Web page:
While the United States is not the first government to put forward such arguments, its post-9/11 iteration of these views had tremendous global resonance. The political and economic power of the United States, its historical reputation as a defender of human rights, and the vehemence with which it expressed its positions on the “war on terror” all amplified the negative global impact of these views.

Repressive governments, always seeking rhetorical cover for their violations, were quick to adopt the language of counterterrorism to help shield their abuses from critical scrutiny. In Egypt, for example, the government specifically cited the “war on terrorism” and new security laws passed in the United States and elsewhere to justify the 2003 renewal of long-standing emergency powers.

The Bush Legacy

By closing Guantanamo, shutting down CIA prisons, and condemning rather than justifying torture, the new administration will have made enormous strides. It should know, nonetheless, that the global legacy of the past eight years may not be quick to disappear.

The prisoners that the United States handed over to Libya and Syria will still be held without charge; the repressive laws that were passed will remain on the statute books, and the example of U.S. abuses will not be easily forgotten. Not only should the U.S. reform its own practices, it should remedy their impact on the rest of the world.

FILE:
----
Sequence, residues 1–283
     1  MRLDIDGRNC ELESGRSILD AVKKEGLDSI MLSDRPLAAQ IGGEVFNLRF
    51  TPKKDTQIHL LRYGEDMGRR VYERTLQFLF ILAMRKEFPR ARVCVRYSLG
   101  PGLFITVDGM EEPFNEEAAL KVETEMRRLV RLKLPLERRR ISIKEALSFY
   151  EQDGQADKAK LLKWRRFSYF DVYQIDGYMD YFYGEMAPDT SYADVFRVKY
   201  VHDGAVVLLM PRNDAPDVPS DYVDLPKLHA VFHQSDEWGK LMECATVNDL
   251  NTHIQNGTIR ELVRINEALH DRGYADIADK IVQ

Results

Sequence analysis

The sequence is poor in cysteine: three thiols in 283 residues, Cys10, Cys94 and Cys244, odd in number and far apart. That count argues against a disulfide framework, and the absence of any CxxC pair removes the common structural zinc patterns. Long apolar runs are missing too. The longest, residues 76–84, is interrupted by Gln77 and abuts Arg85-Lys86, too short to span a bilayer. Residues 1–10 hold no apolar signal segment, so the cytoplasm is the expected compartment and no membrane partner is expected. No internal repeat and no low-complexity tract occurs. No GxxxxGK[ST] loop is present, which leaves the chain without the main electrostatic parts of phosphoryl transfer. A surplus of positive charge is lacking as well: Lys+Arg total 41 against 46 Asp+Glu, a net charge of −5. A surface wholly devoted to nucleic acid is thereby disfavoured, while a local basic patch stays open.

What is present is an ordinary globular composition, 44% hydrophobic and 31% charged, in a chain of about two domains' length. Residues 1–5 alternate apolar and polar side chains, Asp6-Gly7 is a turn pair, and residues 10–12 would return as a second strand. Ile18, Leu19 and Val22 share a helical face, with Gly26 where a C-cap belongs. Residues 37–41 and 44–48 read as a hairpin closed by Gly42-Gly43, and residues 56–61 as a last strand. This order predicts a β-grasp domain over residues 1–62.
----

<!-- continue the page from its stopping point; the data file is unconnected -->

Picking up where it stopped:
Joanne Mariner is a human rights lawyer living in Paris.

Bush era lies will linger a long time

March 12, 2009

Rosa Brooks | The Capital Times (Wisconsin), March 10, 2009

How did they ever get away with it?

Last week, the Justice Department released a batch of memos drafted in 2001 and 2002 by lawyers in the Bush administration’s Office of Legal Counsel. Written mainly by John Yoo, then a deputy director in the office, they laid out the purported legal justifications for a theory of presidential power amounting to virtual dictatorship.

Collectively, they declare that if the U.S. military were deployed against suspected terrorists inside the United States, even U.S. citizens wouldn’t be protected by the Fourth Amendment’s prohibition against unreasonable search and seizure. They also conclude that citizens and noncitizens could be designated “unlawful enemy combatants” by the president on the basis of secret evidence. And once that happens, they could be locked up indefinitely and tortured, without charge, access to counsel or any procedure through which to challenge the detention or treatment.